Bob Browning, 79, was diagnosed with Parkinson’s five years ago. Photo: Tyler Harper

VIDEO: 79-year-old B.C. man fights Parkinson’s with boxing

Bob Browning on sparring with the disease

Jesse Pineiro needed to take a breath between exercises.

The Nelson Boxing Club coach gestured to his student, a 79-year-old man who had gingerly taken a seat nearby, and said, “You’re getting fitter, I’m getting worse.”

“I’ll give you some of my pills,” quipped Bob Browning.

Browning has been training at the gym, twice a week for about three months. Five years ago soreness in his arm led to Parkinson’s, which is a neurodegenerative disease that affects movement. What that’s meant for Browning is stiff muscles, poor balance and a hoarse voice.

“It’s a sneaky disease,” he said. “You can have it for 10 years and not know it. It kind of sneaks up on you real slow.”

He’s not a boxing fan — his interest began and ended with Muhammad Ali, who also suffered from Parkinson’s. But, after reading online that the sport could help restore movement in people with Parkinson’s, Browning showed up on Pineiro’s doorstep.

“I’m not so much into the boxing. It’s the exercises that I’m after,” said Browning.

A 2011 paper published in Physical Therapy showed boxing training can benefit people living with Parkinson’s, but Pineiro hadn’t previously had experience working with the disease. While with Team B.C. in Salmon Arm, Pineiro consulted with coach Peggy Maerz, who trains groups of people suffering from Parkinson’s.

“We’re not really training boxing, we’re training Parkinson’s,” said Pineiro, who said the disease is forcing Browning’s movements and balance to fold in. The exercises, therefore, are focused on getting Browning to open up with exaggerated motions in his hands and feet while standing tall.

“If we repeat it over and over and over again, the big motions that (Browning) doesn’t do in his everyday life or he does less and less, we’re hoping to turn back the clock a little on Parkinson’s.”

On this day, Pineiro and Browning began their hour-long workout by passing a soccer ball to get Browning moving his legs. Pineiro also had Browning move clockwise around a square while throwing punches, and used traditional boxing equipment like a speed bag to stimulate Browning’s reaction time.

Browning hopes all this work pays off in little improvements to his daily life with the disease.

“It’s something you can live with and you can last a long time,” he said. “Michael J. Fox has lasted a long time. He got it when he was 29. … It’s something you can tolerate but it’s a pain in the neck.”

At one point, Pineiro pulls out a mat and asks Browning to try five pushups.

“Twenty years ago I could have done it,” says Browning, to which Pineiro replies, “This thing’s a time machine.”

Browning completes two pushups. The next time he visits, the pair agree, he’ll do three.



tyler.harper@nelsonstar.com

Like us on Facebook and follow us on Twitter

 

Bob Browning, seen here training with Jesse Pineiro, is using boxing exercises to help him live with Parkinson’s disease. Photo: Tyler Harper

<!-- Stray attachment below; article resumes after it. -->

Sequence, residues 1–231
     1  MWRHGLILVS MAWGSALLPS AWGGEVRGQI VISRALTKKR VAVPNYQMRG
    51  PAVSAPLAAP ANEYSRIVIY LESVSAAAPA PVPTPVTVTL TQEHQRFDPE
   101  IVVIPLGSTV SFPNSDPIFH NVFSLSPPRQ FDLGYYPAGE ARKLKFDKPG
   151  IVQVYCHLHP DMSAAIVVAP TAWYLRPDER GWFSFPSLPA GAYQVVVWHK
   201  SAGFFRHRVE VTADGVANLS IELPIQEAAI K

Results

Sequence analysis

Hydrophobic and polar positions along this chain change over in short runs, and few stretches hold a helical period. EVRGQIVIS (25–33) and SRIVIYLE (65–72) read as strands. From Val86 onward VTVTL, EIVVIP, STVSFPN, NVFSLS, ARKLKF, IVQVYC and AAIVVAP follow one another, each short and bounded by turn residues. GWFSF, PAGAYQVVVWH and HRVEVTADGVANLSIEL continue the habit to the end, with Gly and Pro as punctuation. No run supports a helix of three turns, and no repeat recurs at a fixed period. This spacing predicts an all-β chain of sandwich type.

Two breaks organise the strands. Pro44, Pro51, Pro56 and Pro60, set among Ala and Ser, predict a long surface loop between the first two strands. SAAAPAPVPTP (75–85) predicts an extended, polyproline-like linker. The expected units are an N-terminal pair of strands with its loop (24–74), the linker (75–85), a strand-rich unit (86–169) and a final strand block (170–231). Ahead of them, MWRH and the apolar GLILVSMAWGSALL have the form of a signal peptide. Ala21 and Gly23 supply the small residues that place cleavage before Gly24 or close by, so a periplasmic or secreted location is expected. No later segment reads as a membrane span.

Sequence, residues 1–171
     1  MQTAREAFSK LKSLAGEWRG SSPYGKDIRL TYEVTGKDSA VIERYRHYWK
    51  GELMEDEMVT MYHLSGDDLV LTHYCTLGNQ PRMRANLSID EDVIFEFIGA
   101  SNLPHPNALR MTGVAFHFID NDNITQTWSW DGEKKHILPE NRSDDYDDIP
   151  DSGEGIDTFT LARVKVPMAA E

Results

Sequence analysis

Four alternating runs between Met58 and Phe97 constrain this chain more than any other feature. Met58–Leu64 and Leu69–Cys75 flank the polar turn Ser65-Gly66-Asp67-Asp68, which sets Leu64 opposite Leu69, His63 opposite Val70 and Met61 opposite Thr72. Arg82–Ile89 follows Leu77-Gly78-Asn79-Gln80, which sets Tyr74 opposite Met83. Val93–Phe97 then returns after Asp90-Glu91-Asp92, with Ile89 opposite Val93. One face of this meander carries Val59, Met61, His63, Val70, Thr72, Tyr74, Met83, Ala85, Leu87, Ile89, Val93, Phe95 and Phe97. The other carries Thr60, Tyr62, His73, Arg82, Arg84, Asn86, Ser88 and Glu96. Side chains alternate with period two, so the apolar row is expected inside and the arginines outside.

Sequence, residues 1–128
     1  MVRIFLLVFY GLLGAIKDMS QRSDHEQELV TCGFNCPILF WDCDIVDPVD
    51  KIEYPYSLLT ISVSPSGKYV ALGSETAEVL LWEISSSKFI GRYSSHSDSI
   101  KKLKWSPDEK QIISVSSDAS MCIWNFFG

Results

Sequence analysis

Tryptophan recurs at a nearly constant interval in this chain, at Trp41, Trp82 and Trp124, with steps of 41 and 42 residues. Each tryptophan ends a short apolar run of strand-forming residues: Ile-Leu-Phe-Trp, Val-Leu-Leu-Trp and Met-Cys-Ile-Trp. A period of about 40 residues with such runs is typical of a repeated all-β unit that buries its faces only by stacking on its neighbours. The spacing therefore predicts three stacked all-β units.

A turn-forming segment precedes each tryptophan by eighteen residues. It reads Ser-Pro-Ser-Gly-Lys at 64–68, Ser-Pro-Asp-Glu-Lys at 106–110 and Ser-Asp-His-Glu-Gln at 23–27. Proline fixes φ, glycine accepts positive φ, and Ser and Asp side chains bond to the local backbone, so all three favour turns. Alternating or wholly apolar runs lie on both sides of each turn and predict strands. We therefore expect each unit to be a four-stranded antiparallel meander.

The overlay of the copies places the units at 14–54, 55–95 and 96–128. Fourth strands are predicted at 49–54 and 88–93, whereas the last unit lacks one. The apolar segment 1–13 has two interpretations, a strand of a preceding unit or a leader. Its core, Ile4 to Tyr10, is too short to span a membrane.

Just Posted

Area restrictions rescinded in northwest B.C.

The orders will be rescinded Sept. 19 at noon

Verdun Mountain and Nadina Lake fires 100 per cent contained

Area restriction orders in effect for several fires

Vigil for Jessica Patrick

VIDEOS: Hundreds honour a young mother who lost her life. Jessica Patrick was 18.

Still unclear if Houston will benefit from new opioids crisis funding

Canada’s health minister has recently announced $71.7 million in emergency funding

Houston participant at the BC 55+ Games

This year’s 55+ BC Games (previously the BC Seniors Games) had one… Continue reading

VIDEO: Messages of hope, encouragement line bars of B.C. bridge

WARNING: This story contains references to suicide and may not be appropriate for all audiences.

Trans Mountain completes Burrard Inlet spill exercise

Training required, some work continues on pipeline expansion

First court date for B.C. man accused of murdering Belgian tourist

Family and friends of Sean McKenzie, 27, filled the gallery for brief court appearance in Chilliwack

Pot, cash, mansions: Judge divvies up illegal estate of divorcing B.C. couple

The Smiths ran a multi-million marijuana operation that spanned three counties

Around the BCHL: Nanaimo Clippers acquire defenceman from Langley Rivermen

Around the BCHL is a look at goings on around the BCHL and the junior A world.

B.C. co-op develops tech to help prevent ODs, especially for alone users

Brave Technology has been awarded $200,000 in the Ohio Opioid Technology Challenge

Recent jump in U.S. butter imports? All smooth, says Canadian dairy farmers

U.S. farmers recently enjoyed extra access to the Canadian market

Potential replacements for Phoenix pay system to start testing soon: Brison

Testing of prototypes to replace troubled federal pay system will begin within weeks

Nanaimo’s Tilray Inc. briefly the world’s largest cannabis company

The company, only listed in the US, nearly reached $300 in afternoon trading on Wednesday

Most Read